Kathy credited punk rock for opening doors, not just because of its inclusivity, but also its musical format. The Hollywood scene featured a broad spectrum of music, including energetic pop, hardcore punk, and artsy bands. Without the anything goes attitude of punk, The Go-Go’s would not have existed.27
This freedom to explore their sound beyond the conventions of what punk was supposed to sound like set the stage for their debut album. After playing countless shows at the Whisky a Go Go, the band had created enough material to include on Beauty and the Beat, an album that made them instant musical icons. The songs initially sounded rough, but eventually became tighter and more pop driven. Drawing from more melodic bands like The Clash and Buzzcocks, and influenced by the surf rock sounds of California, a new sound was born.28
Despite the poppy beats, the band maintained a level a substance just beneath their sunny surface. According to Jane, “California bands were kind of suburban, and a lot of them had a playfulness to [them]. But under that, there was some darkness. I’ve struggled with my mental health my whole life, so a lot of my lyrics were slightly dark, even if people don’t notice it because you have these great melodies and stuff mostly written by Charlotte that make everyone bounce around thinking happy, happy, joy, joy. Part of the Go-Go’s formula, we like sunny, catchy melodies, and have a little bit of lyrical darkness to throw in there, to give it balance—a yin-yang thing.”29
By 1981 the band had a strong fanbase in and around LA, yet they had difficulty landing a record deal. At that point, the only all-female band to get signed were The Runaways, who were managed by exploitative manager Kim Fowley. The Runaways formed in LA in 1975, but they differed from The Go-Go’s in that they were formed under Fowley’s Svengali-like methods.30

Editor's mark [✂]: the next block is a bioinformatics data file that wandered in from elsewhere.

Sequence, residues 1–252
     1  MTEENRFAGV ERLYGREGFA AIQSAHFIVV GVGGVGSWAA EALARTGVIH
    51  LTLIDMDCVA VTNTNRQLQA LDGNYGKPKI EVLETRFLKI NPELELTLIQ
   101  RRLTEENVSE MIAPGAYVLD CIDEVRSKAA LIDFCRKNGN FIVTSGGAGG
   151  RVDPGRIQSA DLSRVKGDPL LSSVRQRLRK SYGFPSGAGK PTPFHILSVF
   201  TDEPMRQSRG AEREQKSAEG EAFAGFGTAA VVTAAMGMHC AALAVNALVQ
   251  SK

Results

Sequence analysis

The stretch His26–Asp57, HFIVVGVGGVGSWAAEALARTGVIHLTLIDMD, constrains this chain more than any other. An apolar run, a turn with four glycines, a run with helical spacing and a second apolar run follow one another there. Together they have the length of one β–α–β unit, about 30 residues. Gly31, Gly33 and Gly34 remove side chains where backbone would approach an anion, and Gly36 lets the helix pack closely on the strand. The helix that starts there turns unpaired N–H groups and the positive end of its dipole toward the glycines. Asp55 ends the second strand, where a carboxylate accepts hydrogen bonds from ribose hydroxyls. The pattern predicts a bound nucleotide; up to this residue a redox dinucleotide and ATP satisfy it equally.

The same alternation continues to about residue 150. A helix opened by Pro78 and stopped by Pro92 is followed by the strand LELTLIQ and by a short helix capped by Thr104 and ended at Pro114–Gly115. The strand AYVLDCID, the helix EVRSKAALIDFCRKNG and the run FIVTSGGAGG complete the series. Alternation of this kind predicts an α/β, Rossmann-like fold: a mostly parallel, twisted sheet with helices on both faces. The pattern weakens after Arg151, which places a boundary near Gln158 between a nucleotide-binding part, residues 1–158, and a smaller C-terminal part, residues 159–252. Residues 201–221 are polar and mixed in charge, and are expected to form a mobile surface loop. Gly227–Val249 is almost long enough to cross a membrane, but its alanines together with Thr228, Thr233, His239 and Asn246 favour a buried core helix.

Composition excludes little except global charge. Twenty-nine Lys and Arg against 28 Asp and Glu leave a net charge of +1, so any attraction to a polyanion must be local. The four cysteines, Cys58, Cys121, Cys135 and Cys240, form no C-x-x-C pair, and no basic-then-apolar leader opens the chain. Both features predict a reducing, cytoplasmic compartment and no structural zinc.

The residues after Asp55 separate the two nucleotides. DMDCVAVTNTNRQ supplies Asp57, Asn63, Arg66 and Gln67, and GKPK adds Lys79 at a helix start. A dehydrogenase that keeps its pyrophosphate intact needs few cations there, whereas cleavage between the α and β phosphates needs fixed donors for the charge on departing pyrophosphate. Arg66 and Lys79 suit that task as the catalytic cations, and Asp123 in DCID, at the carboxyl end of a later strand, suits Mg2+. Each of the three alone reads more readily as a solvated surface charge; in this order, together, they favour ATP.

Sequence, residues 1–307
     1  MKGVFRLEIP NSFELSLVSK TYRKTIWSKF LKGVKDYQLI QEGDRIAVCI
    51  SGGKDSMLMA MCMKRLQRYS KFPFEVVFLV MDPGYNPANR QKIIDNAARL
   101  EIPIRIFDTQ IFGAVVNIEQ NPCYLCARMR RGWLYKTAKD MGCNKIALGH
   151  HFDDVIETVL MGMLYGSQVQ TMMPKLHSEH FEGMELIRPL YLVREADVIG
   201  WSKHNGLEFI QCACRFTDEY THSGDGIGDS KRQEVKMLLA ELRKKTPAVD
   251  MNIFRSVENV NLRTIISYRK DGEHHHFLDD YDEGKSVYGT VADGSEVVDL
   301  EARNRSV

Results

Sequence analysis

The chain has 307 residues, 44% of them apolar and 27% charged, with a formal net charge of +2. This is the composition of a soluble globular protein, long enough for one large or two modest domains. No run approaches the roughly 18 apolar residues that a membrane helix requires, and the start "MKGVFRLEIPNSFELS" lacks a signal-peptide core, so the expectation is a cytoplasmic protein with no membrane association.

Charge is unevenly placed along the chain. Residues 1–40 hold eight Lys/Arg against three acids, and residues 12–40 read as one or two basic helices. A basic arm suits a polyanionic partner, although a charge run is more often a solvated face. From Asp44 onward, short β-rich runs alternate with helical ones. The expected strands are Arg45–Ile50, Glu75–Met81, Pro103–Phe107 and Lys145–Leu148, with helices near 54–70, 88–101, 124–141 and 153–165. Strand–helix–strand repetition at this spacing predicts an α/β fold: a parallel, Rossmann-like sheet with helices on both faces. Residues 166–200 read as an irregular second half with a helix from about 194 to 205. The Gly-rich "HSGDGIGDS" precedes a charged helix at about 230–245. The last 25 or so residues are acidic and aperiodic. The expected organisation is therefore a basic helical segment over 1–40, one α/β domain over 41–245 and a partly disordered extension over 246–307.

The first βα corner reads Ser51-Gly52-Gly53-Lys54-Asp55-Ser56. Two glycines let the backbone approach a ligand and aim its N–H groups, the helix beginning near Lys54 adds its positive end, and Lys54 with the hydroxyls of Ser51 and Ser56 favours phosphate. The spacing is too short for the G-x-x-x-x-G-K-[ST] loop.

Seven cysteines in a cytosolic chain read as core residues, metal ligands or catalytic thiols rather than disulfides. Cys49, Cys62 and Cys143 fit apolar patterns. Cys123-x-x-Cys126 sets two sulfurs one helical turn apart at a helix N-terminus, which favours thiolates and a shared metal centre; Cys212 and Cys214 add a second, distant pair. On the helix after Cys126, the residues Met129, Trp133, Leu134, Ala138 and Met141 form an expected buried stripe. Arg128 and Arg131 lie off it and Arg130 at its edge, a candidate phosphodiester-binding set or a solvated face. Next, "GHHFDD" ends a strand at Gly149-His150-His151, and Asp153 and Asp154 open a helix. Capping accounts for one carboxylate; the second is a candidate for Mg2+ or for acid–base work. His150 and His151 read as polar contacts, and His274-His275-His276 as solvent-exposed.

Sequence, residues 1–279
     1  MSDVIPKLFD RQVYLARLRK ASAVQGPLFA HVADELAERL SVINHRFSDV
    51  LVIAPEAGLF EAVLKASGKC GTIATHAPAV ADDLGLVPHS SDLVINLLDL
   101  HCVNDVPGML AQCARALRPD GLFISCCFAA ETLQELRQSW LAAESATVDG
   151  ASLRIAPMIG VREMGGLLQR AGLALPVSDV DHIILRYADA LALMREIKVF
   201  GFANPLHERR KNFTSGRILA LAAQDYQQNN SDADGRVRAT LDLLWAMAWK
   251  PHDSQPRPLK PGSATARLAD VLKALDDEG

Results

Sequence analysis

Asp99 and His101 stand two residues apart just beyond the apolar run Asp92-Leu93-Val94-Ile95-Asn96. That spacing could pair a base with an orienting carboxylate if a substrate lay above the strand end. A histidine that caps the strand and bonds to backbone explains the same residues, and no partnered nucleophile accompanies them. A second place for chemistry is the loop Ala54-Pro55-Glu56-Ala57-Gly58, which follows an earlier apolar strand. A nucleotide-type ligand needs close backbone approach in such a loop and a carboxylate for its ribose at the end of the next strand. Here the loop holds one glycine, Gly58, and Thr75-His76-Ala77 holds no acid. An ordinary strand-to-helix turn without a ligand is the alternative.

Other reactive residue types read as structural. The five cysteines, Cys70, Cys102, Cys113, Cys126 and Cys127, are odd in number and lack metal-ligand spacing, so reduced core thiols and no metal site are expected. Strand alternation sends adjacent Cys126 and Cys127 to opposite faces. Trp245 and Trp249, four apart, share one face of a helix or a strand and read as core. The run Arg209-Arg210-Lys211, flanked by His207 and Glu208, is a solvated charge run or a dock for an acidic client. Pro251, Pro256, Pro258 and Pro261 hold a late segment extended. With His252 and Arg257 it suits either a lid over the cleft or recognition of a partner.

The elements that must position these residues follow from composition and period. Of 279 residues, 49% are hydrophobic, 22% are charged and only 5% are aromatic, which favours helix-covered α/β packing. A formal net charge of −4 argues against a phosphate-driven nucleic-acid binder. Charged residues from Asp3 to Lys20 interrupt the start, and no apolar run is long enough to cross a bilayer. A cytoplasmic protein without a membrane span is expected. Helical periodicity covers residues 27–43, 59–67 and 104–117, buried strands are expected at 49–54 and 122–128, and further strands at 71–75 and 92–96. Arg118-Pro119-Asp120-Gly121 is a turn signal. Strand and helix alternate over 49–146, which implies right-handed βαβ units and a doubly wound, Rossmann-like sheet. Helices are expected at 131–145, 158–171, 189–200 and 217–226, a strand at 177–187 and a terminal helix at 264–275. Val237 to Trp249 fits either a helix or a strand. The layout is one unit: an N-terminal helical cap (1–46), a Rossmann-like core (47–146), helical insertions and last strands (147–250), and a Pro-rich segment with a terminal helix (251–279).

Before Kathy Valentine joined The Go-Go’s, she struggled to find bandmates in LA and thought she might seek Fowley’s help. A band that Fowler managed was playing at the Whisky a Go Go, so Kathy went up to him and his schtick immediately began. Pointing to the singer on stage, he said to Kathy, “See that dog up there. She does what I say.” Kathy steered clear of Fowley after that night despite his claims that she would get nowhere without his help.31
Luckily, The Go-Go’s had their faithful manager, Ginger, an inexperienced albeit determined advocate for the band, who worked tirelessly to find a record label. Most companies were not interested in signing an all-female band. After numerous rejections, The Go-Go’s caught the attention of The Police’s manager Miles Copeland when he saw the band perform. Copeland had just started a new record label to distribute music by British and American bands. I.R.S. already had an impressive roster of bands, but it wasn’t until he signed The Go-Go’s that his label started to gain traction.32
Now that the band had a supportive record label, they just needed to find the right person to produce their record. Copeland recruited Richard Gottehrer who worked with girl groups of the 1960s and wrote the classics “I Want Candy” and “Hang on Sloopy.” The band members were also thrilled that he had produced the first two Blondie albums, so he seemed like the perfect fit for The Go-Go’s.33 Gottehrer recognized that songs written for the girl groups of the ‘60s were primarily composed for them by men. He appreciated The Go-Go’s songwriting and sought to highlight their melodies and guitar hooks.34
The band put their trust in Gottehrer, and when they received a copy of the finished album, they excitedly ran out to play it in someone’s car. After hearing “Our Lips Are Sealed,” the first song on the album, the band fell silent. The girls all looked at each other for reactions, “We weren’t happy—or as happy as we had hoped. In the studio, we had thought we were making a great punk album. On hearing the final version, it sounded more pop than we had anticipated.”35